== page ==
How can I formalise inductive reasoning or findings, for example, from grounded theory studies?

I understand deductive reasoning could use first-order logic to demonstrate the validity of an argument (truth of the premises guarantees the truth of the conclusion) but inductive arguments only provide probable support for the conclusion.

Would the best approach be to use Toulmin model of argumentation to formalise the inductive argument?

  • You may want to take a look at this short video Dec 23, 2022 at 2:32
  • This question is too broad for this group. There have been hundreds of attempts to formalize induction, and no answer can cover even a fraction of them. Dec 23, 2022 at 5:49
  • @RodrigodeAzevedo the end of the video was interesting. At 3:48 he mentions combining the methods of inference so that it is possible to observe the [effect] of a phenomenon, then induce an explanation [cause] and in turn induce a [rule]. From this, it is possible to use deduction to predict new data elements. In the case of a grounded theory study once open, axial, and selective coding are complete and the core category has been inductively described this [rule] could now be used deductively and the argument formalised using FOL. Is that correct, or have I taken it a step too far?
    – Teddy
    Dec 23, 2022 at 6:47
  • @DavidGudeman apologies if my question is too broad; I am new to logic so trying to get my head around the mechanics. Out of the hundreds of attempts to formalise induction is there a method(s) that sounds out above the rest as widely accepted?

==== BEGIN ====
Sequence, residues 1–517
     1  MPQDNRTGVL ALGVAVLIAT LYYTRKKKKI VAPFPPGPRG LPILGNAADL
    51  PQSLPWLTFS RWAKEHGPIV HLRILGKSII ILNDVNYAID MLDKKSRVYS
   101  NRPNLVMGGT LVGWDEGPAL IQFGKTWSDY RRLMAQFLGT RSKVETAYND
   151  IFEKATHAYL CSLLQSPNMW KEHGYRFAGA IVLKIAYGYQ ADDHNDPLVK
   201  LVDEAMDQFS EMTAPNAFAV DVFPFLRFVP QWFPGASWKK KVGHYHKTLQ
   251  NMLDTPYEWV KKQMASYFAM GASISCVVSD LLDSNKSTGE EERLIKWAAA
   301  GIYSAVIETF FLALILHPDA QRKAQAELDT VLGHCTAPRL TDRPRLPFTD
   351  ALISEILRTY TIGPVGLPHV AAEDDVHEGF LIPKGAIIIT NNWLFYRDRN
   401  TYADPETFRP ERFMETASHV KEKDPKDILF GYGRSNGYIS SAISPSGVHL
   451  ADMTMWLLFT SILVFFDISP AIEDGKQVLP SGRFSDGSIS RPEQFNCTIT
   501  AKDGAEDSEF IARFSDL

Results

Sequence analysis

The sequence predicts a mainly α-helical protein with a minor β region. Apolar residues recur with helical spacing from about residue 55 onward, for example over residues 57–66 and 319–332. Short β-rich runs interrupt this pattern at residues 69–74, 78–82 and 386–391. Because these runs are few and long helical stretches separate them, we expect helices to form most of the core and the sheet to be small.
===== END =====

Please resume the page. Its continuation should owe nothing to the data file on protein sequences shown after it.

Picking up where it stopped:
– Teddy
    Dec 23, 2022 at 7:14
  • 1
    See Inductive Logic. Dec 23, 2022 at 7:49

1 Answer 1


How to Formalise Inductive Reasoning

I have been wondering along those same lines. In academia.edu, I have posted Induction and the Uniformity Principle; derivation of the principle from fundamental axioms. Here is the table of contents:

1.0 Introduction

2.0 The inductive process is a syllogism.

3.0 The Uniformity Principle is the major premise of the inductive syllogism

3.1 Introduction

3.2 Objection to the Uniformity Principle; the course of nature changes.

3.3 Objection to the Uniformity Principle; simple enumeration fails.

4.0 The Uniformity Principle is derived from three fundamental axioms.

4.1 The purpose of the axioms

4.2 The axioms of uniformity: Existence, Identity, Continuity

A. Existence

B. Identity

C. Continuity

4.3 The axioms are valid and support uniformity.

4.4 The three axioms are necessary and sufficient.

5.0 Uniformity permits the process of falsification that allows the content of the conclusion to be estimated.

6.0 Conclusion

I do not know how closely my analysis approximates that of Prof. Toulmin. However, I think that my one-step-at-a-time approach is similar to what he was looking for.

I hope this answer is useful.

  • Thankyou Andrew. I will look at your post as it sounds very interesting
    – Teddy
    Dec 23, 2022 at 6:48
  • To be fair, in terms of formal logic, the inductive argument is not a syllogism (in the sense that formal logic uses it): see Syllogism: "That theory is in fact the theory of inferences of a very specific sort: inferences with two premises, each of which is a categorical sentence, having exactly one term in common, and having as conclusion a categorical sentence the terms of which are just those two terms not shared by the premises. " Dec 23, 2022 at 11:32
  • Mill's dictum that “[E]very induction may be thrown into the form of a syllogism” must be read as "“[E]very induction may be thrown into the form of a formal deduction." Dec 23, 2022 at 11:33
  • Having said that, the burden of proof relies of the "major premise, the so-called Uniformity Principle that, of course, cannot be grounded inductively. The issue IMO is: how can we derive so a general principle from more fundamental ones? Dec 23, 2022 at 12:42

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